Why is a botanist interested in a region that was formed about 500 million years ago when several volcanic island arcs collided with North America? That region was given the name Avalonia, an area that includes Dr. John Hayden’s home town and many places that he botanizes. This University of Richmond Professor of Biology will share information about the underlying geology as an introduction to the region’s plant life at the February 1 meeting of the Pocahontas Chapter of the Virginia Native Plant Society.
This free meeting is open to the public and takes place in the Education and Library Complex of the Lewis Ginter Botanical Garden, 1800 Lakeside Avenue, Richmond, VA. Start time is 7 p.m., but the room is available at 6:30 p.m. so you can come early and get to know others with similar interests. A short business meeting will follow the presentation.
Hayden investigates botanical biodiversity with two general aims, to improve understanding of plant relationships (systematics) and to document plant diversity that exists within particular geographic locations (floristics). The approach is largely structural, and work is done both in the field and in laboratory settings. The full range of plant morphology—from overall plant form, to macroscopic structures, to anatomical features discerned only with light or scanning electron microscope–is of interest. He also curates the University Herbarium and is primary care provider for the plants in the Department of Biology greenhouses. In addition, he is an avid home gardener.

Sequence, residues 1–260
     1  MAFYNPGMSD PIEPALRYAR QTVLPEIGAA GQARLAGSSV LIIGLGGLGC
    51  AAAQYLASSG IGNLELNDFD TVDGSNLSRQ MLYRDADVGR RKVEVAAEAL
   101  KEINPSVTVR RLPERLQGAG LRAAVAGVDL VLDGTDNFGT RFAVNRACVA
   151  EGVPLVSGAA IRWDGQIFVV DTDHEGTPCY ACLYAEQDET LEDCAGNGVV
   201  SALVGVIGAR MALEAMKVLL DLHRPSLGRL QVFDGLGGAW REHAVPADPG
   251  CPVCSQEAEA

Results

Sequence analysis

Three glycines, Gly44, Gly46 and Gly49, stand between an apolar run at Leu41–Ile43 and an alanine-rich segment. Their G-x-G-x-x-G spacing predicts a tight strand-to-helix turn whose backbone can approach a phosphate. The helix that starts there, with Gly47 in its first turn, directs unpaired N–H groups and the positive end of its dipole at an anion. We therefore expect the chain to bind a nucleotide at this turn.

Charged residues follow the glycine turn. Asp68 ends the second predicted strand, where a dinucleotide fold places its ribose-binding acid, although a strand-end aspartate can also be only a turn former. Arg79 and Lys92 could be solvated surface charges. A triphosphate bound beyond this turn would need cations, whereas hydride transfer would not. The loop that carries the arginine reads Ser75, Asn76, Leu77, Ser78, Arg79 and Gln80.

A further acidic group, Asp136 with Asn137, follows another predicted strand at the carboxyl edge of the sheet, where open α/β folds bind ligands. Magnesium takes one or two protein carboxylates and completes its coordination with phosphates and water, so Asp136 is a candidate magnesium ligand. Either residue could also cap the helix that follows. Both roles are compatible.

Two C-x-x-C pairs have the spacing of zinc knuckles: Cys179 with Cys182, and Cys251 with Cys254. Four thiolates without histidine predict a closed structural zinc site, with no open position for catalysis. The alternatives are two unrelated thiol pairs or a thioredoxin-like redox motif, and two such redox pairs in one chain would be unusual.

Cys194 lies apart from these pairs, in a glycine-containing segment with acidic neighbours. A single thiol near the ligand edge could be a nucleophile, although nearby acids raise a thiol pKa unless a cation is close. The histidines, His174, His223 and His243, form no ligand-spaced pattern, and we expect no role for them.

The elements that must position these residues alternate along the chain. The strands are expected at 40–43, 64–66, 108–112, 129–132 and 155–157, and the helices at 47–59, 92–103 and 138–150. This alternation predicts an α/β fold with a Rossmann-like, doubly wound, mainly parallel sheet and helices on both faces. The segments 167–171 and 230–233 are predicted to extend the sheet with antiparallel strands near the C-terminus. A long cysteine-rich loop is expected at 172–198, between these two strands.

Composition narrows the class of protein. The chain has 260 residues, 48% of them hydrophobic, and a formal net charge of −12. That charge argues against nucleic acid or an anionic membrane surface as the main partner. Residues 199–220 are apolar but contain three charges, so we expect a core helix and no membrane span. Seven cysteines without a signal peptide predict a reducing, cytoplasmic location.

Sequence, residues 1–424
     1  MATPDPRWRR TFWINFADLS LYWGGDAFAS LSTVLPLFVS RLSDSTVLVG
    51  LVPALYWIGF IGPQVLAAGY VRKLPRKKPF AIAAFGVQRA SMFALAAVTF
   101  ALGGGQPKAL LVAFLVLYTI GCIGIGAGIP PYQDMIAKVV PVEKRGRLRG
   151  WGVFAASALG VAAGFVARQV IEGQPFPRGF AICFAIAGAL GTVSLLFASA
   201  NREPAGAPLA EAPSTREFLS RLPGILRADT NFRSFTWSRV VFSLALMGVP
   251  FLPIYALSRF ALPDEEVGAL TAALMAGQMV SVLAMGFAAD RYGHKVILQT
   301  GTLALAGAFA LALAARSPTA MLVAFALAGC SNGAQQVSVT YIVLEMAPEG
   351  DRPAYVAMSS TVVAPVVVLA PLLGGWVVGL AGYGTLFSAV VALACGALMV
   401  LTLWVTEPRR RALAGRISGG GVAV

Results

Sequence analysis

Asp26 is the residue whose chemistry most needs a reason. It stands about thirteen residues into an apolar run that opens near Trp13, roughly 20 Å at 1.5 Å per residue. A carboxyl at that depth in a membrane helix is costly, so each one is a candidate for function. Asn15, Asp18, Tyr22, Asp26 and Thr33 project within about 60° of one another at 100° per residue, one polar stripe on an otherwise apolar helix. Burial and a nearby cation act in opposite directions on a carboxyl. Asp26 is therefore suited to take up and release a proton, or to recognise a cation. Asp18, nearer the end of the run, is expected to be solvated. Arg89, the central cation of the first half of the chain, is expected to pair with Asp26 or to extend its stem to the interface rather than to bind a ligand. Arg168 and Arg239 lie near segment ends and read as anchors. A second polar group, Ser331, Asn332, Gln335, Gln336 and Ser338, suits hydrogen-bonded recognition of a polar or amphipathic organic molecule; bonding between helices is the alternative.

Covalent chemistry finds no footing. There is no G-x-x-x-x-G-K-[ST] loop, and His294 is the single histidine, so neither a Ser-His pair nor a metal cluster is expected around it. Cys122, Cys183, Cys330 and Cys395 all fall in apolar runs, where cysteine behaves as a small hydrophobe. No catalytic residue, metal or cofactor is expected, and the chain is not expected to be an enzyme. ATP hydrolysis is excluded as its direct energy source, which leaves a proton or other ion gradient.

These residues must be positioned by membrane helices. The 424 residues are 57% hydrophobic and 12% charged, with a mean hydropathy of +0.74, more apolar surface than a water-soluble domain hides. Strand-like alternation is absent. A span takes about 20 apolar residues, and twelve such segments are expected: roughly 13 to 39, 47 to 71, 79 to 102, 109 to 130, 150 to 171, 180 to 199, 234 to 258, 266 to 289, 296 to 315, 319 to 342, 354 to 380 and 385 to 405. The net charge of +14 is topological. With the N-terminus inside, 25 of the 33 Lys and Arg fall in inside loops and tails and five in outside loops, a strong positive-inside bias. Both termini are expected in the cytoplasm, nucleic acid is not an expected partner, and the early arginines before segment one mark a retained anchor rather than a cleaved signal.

The Pocahontas Chapter is one of 12 Virginia Native Plant Society chapters, and serves the counties of Amelia, Charles City, Chesterfield, Goochland, Hanover, Henrico, King William, New Kent, Powhatan, Prince George, and the cities of Colonial Heights, Hopewell, Petersburg, and Richmond. In addition to the monthly meetings, the chapter conducts field trips, holds a May picnic and wildflower walk, hosts the annual Virginia Native Plant Society Winter Workshop, and sends a monthly newsletter.
Membership in a chapter is available to anyone who joins the Virginia Native Plant Society. VNPS members enjoy the natural world and support efforts to preserve Virginia’s native plants. Ranging in age from students to seniors, members are professionals, knowledgeable amateurs and many who are just beginning to learn about our flora. While some members join enthusiastically in activities, others help out occasionally or support the society solely with their memberships and their interest. All are welcome.
For more information visit the chapter and state websites.
Richmond, VA 23228
Event ContactSuzanne Jenkins
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